For task 4 you needed to be able to send a MQTT message to the server to have it do what you wanted. The hint they provided was that you could replay previous messages. The first step was to capture a legitimate message so I can see what was being sent.
I then sent another message with the same length but only slightly different content to see the change.
As you can see the first 16 bytes of the header stay the same. Since the instructions said that critical messages needed to be signed, the block of different bytes is most likely the signature.
By sending another message and changing the length of the content you can see that the 5th-8th bytes change, indicating they are the message length. It should also be stated that the bytes are sent in network order, so 0f 02 00 00 is actual 0x020f.
It was now time to start reversing the libauth.so binary. Opening it in IDA I was quickly overwhelmed with how many functions there were. Not knowing where to start I opened the agent binary to see what function from the library is called. In the Message_Handler function, it calls the validate function from libauth.so.
By following the function I was able to start working out what the other bytes of the header were used for. Below is a high level overview of the function.
- Retrieve RSA key
- Hash message content using SHA512
- message is determined by [length_of_message] – [length_of_signature]
- Verify RSA signature of the hash
- Set message pointer to [offset_of_message]
- The first 4 bytes are length of signature. [length_of_signature]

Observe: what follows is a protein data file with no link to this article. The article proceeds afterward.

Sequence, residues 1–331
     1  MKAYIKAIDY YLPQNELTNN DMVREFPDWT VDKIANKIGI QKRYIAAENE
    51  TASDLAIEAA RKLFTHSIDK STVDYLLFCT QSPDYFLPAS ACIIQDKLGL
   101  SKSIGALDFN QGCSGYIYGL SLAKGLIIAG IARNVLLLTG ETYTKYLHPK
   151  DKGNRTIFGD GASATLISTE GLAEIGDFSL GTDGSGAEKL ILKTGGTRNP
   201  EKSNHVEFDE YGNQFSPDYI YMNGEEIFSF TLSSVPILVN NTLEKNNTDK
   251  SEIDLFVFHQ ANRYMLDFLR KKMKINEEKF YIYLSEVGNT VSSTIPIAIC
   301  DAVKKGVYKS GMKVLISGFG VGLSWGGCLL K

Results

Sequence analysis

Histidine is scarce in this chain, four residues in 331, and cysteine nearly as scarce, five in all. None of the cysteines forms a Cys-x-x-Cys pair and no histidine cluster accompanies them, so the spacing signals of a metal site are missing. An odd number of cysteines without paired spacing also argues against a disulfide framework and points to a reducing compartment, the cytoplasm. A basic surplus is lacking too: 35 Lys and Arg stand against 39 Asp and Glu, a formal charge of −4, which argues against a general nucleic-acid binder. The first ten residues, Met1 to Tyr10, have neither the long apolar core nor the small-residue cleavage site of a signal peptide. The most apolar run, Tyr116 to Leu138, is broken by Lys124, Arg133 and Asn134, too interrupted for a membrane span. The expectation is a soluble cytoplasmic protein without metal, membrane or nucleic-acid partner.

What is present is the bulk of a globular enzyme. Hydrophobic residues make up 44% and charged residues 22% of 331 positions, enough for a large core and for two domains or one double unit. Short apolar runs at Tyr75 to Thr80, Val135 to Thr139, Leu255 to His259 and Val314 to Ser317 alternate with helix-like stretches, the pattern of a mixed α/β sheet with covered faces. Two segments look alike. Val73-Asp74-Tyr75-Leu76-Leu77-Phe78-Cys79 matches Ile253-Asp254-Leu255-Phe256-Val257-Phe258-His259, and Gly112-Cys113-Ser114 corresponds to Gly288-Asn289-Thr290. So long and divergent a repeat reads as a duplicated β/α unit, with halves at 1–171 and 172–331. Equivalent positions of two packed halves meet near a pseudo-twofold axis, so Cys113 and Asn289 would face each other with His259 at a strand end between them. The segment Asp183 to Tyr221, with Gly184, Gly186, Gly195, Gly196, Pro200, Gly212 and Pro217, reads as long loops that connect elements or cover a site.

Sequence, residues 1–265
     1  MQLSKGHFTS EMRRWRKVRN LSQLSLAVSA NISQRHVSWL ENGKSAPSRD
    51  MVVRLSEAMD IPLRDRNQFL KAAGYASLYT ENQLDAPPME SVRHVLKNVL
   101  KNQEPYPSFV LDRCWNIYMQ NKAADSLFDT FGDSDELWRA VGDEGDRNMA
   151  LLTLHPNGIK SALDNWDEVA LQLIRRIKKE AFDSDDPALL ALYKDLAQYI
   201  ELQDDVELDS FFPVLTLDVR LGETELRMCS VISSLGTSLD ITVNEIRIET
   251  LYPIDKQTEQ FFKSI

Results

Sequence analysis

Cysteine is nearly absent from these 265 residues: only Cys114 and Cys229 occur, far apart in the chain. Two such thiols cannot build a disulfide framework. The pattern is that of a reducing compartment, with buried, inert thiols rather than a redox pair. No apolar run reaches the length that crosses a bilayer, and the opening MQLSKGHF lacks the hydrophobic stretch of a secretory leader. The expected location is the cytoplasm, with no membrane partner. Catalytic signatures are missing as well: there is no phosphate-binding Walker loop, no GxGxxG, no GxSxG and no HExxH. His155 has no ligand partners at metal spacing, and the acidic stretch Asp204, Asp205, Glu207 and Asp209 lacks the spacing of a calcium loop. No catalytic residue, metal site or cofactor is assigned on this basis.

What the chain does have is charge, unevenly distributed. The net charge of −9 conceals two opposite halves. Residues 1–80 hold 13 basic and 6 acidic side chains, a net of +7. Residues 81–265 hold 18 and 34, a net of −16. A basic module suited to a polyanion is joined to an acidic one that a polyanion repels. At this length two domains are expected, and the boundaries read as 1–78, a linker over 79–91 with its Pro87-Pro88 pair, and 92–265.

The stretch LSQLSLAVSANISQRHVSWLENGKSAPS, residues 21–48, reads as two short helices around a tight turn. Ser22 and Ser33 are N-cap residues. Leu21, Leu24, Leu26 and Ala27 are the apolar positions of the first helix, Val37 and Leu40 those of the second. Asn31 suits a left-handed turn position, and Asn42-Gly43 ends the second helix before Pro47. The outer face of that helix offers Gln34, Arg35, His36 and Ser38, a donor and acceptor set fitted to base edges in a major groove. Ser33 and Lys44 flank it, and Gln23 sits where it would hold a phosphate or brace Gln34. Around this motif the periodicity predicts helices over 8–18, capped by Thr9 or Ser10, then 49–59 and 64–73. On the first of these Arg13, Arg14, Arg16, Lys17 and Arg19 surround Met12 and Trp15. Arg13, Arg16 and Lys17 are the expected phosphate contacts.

- The second 4 bytes are length of message (signature + message content). [length_of_message]
- The third 4 bytes are offset of RSA signature, from the end of the header. [offset_of_the_signature]
The fourth 4 bytes ([offset_of_message]) are not used during the verification process, so took me a while to figure out what it was. These bytes are the key to the attack and are the offset to the content returned. In a legitimate message this should be equal to the [length_of_signature] + [offset_of_the_signature], since it should point to right after the RSA signature.
It turns out that all the attacker has to do is change these bytes to point after the legitimate message and to his message. On the right is a legitimate message, on the left is the attacker’s message. The message can then be sent using agent_controller -x.
When the agent handled the message it logged Tello World, when the RSA signature was for the message Hello World.
After uploading the file used with the agent_controller for verification, the task is complete.